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Carbon dots help detect herbicide pollution

Date: 23 December 2019 Tags: Miscellaneous


Researchers from Assam have used the commonly found invasive plant water hyacinth to produce carbon nanoparticles. These extremely tiny (less than 10 nanometre) particles can be used for detecting a commonly used herbicide, pretilachlor. 



In Assam, every water body is infested with water hyacinth, and it is an easy and cheap option to explore. So use of the plant for carbon dot production was common.



  • The researchers harvested water hyacinth leaves, removed the chlorophyll, dried and powdered it. The sieved powder underwent several treatments including heating at 150 degree Celsius to convert it to carbon dots.

  • The carbon dots were able to give a green fluorescence under UV light. The extremely small oxygen functional groups on the surface of the dot are responsible for the fluorescence.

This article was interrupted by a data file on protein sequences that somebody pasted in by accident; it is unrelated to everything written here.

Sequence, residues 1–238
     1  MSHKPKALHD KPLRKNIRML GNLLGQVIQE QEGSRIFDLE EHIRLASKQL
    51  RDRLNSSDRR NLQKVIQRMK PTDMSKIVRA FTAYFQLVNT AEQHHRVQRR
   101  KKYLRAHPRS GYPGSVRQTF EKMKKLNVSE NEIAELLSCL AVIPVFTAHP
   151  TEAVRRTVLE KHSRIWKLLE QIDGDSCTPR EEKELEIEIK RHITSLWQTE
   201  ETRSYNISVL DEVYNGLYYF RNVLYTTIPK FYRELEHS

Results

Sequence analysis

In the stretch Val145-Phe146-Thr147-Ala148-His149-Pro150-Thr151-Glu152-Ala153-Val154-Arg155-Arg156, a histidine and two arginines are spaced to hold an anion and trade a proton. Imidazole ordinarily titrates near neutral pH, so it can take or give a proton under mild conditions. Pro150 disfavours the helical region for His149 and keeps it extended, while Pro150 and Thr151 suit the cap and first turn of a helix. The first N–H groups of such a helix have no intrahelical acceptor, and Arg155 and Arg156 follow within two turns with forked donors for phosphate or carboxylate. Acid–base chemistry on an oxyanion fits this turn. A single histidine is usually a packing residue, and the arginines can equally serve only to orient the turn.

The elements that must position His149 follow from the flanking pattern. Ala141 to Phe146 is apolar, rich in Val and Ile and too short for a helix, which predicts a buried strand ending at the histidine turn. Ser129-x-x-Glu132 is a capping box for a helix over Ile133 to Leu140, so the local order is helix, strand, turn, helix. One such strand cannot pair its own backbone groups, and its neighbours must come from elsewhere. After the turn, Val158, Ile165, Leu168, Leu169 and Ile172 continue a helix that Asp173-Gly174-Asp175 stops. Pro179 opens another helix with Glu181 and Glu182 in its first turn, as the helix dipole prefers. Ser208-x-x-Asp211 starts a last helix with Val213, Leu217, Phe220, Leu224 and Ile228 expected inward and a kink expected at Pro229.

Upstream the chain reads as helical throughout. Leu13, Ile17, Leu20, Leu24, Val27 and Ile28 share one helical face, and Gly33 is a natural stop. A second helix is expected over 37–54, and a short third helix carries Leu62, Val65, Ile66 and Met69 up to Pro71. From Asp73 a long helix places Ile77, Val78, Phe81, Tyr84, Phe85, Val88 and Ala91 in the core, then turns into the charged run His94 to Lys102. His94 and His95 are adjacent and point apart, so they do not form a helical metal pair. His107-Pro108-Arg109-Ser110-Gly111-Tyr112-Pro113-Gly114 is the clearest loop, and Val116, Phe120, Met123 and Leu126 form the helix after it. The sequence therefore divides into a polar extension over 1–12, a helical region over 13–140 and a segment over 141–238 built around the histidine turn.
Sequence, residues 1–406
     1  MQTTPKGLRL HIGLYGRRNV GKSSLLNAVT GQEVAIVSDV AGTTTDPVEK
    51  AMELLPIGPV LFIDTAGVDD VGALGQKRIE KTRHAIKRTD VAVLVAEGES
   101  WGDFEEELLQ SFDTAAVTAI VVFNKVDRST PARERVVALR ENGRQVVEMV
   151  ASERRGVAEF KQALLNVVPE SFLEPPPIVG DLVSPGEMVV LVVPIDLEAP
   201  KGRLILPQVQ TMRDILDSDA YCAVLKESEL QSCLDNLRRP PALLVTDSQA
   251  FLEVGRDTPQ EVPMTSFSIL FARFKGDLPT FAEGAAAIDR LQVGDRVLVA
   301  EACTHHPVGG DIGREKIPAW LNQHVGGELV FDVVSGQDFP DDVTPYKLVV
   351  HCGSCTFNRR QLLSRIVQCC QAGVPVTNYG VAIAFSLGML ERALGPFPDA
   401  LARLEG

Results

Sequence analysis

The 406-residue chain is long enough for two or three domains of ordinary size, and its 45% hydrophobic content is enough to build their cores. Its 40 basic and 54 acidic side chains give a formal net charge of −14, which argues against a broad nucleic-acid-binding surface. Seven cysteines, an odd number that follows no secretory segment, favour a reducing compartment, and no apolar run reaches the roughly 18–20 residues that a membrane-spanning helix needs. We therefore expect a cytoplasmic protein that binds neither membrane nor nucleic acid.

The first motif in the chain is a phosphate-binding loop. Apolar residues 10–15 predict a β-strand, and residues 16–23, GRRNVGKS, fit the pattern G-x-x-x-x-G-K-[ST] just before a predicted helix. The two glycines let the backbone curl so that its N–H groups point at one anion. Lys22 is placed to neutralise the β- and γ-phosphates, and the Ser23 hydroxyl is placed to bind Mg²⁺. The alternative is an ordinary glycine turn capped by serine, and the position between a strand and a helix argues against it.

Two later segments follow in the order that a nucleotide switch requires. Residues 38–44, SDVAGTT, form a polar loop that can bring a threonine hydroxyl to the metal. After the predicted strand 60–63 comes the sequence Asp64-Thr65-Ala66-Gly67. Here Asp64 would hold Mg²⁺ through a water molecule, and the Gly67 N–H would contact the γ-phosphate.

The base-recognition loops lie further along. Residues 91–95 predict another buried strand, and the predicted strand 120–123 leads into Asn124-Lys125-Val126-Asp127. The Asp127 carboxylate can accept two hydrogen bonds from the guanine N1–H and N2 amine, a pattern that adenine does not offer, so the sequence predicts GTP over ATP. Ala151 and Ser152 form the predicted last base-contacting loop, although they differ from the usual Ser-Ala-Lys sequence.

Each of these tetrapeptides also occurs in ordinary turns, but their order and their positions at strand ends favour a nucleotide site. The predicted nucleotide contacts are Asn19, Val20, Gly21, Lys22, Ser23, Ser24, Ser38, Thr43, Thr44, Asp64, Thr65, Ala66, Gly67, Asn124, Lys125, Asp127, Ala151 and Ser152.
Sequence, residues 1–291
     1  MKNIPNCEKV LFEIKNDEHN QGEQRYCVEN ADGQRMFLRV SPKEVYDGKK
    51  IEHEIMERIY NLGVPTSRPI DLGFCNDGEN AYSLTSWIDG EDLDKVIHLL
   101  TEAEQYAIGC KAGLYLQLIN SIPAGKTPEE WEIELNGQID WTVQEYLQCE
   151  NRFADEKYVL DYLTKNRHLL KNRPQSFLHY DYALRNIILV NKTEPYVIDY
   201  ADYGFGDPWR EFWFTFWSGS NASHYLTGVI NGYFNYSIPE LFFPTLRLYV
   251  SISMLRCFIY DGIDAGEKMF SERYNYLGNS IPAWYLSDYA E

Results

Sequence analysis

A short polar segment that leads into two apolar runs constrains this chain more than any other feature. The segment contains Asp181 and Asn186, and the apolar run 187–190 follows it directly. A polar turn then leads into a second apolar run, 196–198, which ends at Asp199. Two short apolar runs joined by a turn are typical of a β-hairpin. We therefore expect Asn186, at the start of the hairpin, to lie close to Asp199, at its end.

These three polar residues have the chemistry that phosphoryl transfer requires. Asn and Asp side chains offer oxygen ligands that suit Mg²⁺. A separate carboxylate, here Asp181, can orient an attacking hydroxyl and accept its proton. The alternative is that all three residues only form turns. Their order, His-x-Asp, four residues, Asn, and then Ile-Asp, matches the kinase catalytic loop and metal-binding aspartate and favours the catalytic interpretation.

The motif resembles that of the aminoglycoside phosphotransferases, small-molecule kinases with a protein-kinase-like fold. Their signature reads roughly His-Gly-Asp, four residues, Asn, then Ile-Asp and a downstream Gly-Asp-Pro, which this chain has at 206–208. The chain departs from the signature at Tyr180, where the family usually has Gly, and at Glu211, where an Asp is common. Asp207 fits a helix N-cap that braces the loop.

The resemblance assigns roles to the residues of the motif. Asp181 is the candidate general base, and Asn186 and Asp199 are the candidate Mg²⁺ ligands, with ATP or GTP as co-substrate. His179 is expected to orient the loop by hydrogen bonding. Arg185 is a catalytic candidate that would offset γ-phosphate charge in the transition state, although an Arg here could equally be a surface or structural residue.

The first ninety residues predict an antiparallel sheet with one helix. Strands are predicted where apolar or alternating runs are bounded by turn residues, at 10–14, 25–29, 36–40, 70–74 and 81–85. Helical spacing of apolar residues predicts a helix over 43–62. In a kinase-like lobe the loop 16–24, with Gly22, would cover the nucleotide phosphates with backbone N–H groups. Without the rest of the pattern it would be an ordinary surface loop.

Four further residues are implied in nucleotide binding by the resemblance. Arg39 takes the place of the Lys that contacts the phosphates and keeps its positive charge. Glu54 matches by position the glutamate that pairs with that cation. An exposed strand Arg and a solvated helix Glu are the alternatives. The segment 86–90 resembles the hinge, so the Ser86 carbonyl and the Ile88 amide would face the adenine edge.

• The herbicide pretilachlor is mixed with water and carbon dots, and studied using special equipment. The fluorescence intensity increases in the presence of the herbicide. 

  • After successful testing in the laboratory conditions, the team collected soil samples from different places across the State and proved the efficiency of the carbon dots in detecting pretilachor in soil samples.

  • The research also describes the mechanism by which electron transfer happens between the dot and the herbicide which enables the fluorescence enhancement.

  • This experiment is commercially viable option when compared with the sensors currently available in the market, as the raw material for the construction of the sensor, the water hyacinth is readily available and is practically a waste material. 


  • Pretilachlor is one of well known synthetic selective herbicide. Pretilachlor was colourless liquid, and stock solution was prepared freshly in dimethylsulfoxide. (DMSO) before use. 

  • Pretilachlor is used to control annual grasses, broad-leaved weeds and sedges in rice and works by inhibiting cell division.

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